That money has to come from somewhere, jackass. Good for you - your neighbors get to take care of your shitty wife and your stupid kids after you die. Proud of yourself?

I prefer this system. If you are valuable, your company is more likely to take care of you (health care, death benefits, etc). If you're unemployed or generally useless (or less useful), you have less health care and death benefits. If you're the president, you have the greatest. If you're the CEO of a company, you have excellent options in both. If you're a top notch employee, you probably have pretty good stuff, too. If you're an average professional, you probably have decent death benefits and health insurance. If you flip burgers, you probably have the bottom of the barrel. If you sell oranges by the side of the free-way or work part time in a 7-11, you get jack shit.

Re:Sort of normal here in EU... (1)

Anonymous Coward | more than 2 years ago | (#40964063)

Yes, because people who flip burgers or sell oranges at the side of the road deserve worse health care and no safety net for their family. Maybe it's never occurred to you, but CEO's aren't more "useful" as a person than someone who flips burgers, or drives a taxi, or works part time at the 7-11. You're the jackass.

Re:Sort of normal here in EU... (0)

Anonymous Coward | more than 2 years ago | (#40964585)

They really aren't valuable at all to society. Literally 1000 people are ready to step in and take their place

Re:Sort of normal here in EU... (0)

Anonymous Coward | more than 2 years ago | (#40965145)

psychopath

Re:Sort of normal here in EU... (2, Insightful)

Anonymous Coward | more than 2 years ago | (#40964115)

Why should he not be proud? He has made the same promise to them, if they die he will contribute to the welfare of their husband or wife that is the deal they have made as a country, that is democracy what the people have decided.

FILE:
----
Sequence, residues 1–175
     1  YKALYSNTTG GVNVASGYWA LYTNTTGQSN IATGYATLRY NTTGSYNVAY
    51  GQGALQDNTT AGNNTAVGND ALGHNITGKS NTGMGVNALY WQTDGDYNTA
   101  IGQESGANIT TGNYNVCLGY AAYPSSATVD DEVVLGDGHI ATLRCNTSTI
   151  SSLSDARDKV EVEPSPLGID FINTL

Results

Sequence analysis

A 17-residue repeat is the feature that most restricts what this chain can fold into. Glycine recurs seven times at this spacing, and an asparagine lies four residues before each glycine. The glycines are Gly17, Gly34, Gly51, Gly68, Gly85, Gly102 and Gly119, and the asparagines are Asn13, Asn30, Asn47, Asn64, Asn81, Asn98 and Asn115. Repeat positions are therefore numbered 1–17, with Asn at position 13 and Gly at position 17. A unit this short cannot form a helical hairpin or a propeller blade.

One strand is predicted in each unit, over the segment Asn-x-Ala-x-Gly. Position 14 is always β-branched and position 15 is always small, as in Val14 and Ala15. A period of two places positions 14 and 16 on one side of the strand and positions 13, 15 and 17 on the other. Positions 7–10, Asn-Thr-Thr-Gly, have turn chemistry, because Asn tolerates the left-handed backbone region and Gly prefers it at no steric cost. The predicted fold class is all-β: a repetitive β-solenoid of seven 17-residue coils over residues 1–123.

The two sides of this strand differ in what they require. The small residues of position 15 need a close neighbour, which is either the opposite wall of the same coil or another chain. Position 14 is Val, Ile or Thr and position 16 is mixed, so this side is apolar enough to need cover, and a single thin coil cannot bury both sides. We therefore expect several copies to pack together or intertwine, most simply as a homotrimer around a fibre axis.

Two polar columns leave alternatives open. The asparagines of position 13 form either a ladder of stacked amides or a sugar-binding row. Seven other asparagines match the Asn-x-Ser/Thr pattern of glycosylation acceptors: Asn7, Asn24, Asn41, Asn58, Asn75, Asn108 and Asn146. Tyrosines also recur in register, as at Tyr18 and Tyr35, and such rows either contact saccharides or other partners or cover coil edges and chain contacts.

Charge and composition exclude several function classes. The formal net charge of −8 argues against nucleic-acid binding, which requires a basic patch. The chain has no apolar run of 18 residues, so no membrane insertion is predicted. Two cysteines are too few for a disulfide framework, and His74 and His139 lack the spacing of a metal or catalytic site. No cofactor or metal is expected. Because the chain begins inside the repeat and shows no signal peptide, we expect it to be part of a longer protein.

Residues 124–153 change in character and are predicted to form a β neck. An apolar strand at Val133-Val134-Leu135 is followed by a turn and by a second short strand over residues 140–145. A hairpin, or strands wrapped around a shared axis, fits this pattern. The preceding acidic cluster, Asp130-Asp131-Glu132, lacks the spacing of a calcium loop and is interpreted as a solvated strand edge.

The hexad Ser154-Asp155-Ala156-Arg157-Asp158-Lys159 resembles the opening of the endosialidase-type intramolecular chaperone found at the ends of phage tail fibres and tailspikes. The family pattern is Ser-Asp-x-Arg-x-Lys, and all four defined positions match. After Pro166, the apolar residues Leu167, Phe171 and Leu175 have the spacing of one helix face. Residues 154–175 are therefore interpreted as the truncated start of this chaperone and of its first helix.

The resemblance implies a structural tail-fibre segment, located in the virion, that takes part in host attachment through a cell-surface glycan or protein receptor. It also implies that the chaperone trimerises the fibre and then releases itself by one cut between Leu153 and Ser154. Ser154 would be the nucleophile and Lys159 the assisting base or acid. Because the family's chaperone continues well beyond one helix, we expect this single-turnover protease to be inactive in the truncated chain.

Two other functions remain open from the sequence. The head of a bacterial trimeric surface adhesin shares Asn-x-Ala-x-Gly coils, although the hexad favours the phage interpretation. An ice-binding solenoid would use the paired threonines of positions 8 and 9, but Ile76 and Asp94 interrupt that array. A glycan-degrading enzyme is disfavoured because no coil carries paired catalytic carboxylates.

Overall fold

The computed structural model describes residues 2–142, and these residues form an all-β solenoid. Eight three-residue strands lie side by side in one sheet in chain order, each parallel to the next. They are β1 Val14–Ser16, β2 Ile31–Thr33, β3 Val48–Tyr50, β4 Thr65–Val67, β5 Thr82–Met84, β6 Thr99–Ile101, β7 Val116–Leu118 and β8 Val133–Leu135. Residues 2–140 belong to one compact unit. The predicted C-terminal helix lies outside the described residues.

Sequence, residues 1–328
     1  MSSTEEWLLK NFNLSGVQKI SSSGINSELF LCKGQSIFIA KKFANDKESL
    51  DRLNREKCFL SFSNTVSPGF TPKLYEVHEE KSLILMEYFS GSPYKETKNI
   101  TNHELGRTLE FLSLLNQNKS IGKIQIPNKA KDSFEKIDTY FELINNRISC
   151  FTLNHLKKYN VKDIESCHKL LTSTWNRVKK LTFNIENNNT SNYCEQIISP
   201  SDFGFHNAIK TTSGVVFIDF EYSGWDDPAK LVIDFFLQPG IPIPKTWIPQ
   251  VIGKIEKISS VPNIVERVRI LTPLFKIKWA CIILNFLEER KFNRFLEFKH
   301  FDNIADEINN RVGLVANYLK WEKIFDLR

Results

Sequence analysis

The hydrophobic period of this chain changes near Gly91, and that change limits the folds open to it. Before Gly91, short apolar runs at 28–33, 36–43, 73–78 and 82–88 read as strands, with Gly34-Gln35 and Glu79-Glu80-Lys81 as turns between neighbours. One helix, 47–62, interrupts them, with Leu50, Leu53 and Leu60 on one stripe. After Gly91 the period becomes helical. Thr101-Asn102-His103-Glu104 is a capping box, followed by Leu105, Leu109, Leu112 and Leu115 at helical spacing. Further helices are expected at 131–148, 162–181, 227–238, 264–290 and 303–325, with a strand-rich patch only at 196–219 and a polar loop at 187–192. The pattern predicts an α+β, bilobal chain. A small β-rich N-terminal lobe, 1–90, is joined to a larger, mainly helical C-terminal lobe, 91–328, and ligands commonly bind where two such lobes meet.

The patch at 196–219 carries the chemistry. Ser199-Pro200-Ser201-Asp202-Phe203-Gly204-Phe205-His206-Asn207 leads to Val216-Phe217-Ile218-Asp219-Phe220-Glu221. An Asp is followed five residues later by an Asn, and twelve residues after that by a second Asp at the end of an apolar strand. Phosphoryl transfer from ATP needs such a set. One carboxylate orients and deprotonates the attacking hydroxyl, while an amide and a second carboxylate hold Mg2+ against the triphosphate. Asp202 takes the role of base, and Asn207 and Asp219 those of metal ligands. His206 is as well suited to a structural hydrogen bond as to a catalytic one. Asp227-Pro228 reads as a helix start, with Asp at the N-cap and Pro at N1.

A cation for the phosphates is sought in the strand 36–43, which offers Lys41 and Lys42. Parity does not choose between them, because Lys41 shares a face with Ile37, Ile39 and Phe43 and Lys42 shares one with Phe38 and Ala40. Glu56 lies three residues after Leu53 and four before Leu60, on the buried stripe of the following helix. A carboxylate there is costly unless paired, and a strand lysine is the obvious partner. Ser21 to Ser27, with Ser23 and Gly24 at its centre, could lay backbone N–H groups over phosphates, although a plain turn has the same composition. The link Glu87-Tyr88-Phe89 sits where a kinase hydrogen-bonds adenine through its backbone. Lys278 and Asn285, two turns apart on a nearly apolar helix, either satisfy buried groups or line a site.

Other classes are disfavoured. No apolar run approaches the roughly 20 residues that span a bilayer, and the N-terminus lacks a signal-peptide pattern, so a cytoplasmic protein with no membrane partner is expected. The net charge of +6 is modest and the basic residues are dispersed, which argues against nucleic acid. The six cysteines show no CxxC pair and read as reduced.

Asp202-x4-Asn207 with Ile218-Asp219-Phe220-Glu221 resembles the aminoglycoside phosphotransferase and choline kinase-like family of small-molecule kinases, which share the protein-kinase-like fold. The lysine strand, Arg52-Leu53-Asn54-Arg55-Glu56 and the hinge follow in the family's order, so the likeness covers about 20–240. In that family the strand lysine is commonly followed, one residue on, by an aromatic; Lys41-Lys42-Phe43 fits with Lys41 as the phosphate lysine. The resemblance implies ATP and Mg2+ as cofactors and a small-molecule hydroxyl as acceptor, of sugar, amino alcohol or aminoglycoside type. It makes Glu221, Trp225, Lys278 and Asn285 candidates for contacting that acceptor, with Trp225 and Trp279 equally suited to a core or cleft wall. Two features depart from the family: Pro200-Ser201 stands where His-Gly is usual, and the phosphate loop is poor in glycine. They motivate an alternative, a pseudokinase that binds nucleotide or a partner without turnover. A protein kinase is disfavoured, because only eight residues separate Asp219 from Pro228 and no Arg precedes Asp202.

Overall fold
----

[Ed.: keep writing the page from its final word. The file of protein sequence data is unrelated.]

Your system is only fair if life itself is already fair, IT IS NOT. Any system based on the assumption that people automatically get more if they are more talented and work harder is not only wrong but unjust and childish. There is a correlation but it is not exact, luck, privilege, crime, injury, and illness among others all play their part in ensuring this.

The question is not whether the system is perfect or fair but whether it is better and less unfair than the alternatives, how many good people on hard times will you let die to line your own pocket and keep the lazy from getting your support? How many lazy ass-holes is it worth supporting in order to support those who deserve it and how do we minimize the first without also minimizing the second?

If you want to argue that no support is more just than support payment in taxes then you need to understand the cost and justify it. Until you have an answer for the cost in dead children, dead hard working but unlucky adults, and starving grannies, as well as the wasted potential of those thousands who could have been more but were not allowed to be, AND a justification to match you should go argue somewhere with a more stupid audience.

Re:Sort of normal here in EU... (1)

Anonymous Coward | more than 2 years ago | (#40964125)

your neighbors get to take care

That's what we call society over here, people looking after each other, not just caring only for themself. You should try it sometime.

Re:Sort of normal here in EU... (1)

Anonymous Coward | more than 2 years ago | (#40965623)